Watch this video
No, please. Please please please watch it.
It’s Mumford & Sons’ stopover in Bristol on their Gentlemen of the Road tour. To close out the show, they have the entire lineup (that’s Dawes, Apache Relay, Haim (I FUCKING LOVE HAIM), Jeff The Brotherhood, Simone Felice, and Justin Townes Earle) join them onstage to sing Wagon Wheel.
30-odd voices and just as many instruments all singing one of my favorite songs in the world.
And singing with so much joy and heart and soul as befits it.
There’s this thing called frisson, where, in watching a show or listening to music, or reading something, you get shivers that begin in your stomach and spread out to your fingers and head. For example, when I was reading the end of Harry Potter and the Deathly Hallows, I was listening to KT Tunstall’s Other Side of the World. Somehow, the combination of the arching melody of the song and Dumbledore’s words in King’s Cross gave me frisson out of my ass.
Of house-elves and childrens tales, of love, loyalty, and innocence, Voldemort knows and understands nothing. Nothing. That they all have a power beyond his own, a power beyond the reach of any magic, is a truth he has never grasped.
Frisson is amazing and beautiful and arguably better than an orgasm. It makes me want to make. Jiro Dreams of Sushi didn’t make me want to eat. It made me want to CREATE. It made me want to become a shokunin, one who has achieved mastery.
Japan’s most famous shokunin these days may be Jiro Ono, immortalized in the documentary Jiro Dreams of Sushi, but you will encounter his level of manic focus across the entire food industry. Behind closed doors. Down dark alleyways. Up small stairwells. Hiding in every corner of this city and country: The 80-year-old tempura man who has spent the past five decades discovering the subtle differences yielded by temperature and motion. The encyclopedic barman who hand chisels every last piece of ice and wears his tuxedo extra crisp because you can taste the difference. The young man who has grown old at his father’s side, measuring his age in kitchen lessons. Any moment now, it will be his turn to be the master, and when he does, he’ll know exactly what to do.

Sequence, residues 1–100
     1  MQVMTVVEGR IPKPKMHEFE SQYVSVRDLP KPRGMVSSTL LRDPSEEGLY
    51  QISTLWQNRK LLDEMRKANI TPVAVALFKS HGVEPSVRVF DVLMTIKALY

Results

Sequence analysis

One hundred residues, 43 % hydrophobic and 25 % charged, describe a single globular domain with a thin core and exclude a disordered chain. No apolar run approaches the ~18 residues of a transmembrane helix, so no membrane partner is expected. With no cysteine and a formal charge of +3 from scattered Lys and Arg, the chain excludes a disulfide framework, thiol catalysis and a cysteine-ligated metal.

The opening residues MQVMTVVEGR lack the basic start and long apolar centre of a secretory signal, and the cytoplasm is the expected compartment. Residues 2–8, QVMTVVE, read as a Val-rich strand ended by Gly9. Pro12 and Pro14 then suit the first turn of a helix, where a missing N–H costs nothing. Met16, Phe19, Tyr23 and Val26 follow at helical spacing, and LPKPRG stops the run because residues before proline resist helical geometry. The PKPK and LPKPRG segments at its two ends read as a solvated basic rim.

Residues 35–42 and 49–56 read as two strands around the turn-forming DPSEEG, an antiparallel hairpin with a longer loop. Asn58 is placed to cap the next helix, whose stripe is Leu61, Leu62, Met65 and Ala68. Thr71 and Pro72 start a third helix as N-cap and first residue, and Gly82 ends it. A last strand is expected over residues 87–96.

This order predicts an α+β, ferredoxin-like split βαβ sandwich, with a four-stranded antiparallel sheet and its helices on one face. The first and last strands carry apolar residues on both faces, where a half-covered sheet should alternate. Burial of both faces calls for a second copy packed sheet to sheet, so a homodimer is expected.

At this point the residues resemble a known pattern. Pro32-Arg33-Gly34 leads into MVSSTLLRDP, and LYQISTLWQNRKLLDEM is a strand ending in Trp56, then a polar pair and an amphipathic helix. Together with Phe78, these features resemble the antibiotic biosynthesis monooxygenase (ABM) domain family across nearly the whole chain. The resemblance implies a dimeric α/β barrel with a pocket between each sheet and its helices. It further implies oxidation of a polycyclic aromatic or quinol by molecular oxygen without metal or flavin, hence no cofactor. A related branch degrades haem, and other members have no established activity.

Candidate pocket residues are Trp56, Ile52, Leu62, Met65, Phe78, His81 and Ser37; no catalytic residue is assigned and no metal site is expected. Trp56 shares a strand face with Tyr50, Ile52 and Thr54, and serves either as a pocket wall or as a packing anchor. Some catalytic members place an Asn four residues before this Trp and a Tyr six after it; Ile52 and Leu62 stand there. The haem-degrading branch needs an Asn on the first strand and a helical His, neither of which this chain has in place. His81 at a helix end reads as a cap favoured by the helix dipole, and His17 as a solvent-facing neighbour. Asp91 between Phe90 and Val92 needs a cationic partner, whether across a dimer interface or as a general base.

Watching Jiro and reading about shokunin give me frisson everytime. I shiver and tingle and run off to go make something.
I get the same thing with this video. My absolute favorite part is when the horn kicks in here. It’s effusive, unrestrained, and irresistible. The whole performance is sheer joy, spoken, sung, and played into existence.
I submitted this to Reddit, and I’m going to paste a little of what I wrote here:
Whenever I hear Wagon Wheel it takes me back to late nights in school with my best friends, singing along to Old Crow Medicine Show, drunk and safe and happy.
And this is everything that this song should be. Multiple bands, multiple voices, multiple banjos and guitars and upright basses; pure joy and energy and linked arms.
Why am I crying? I hardly every cry.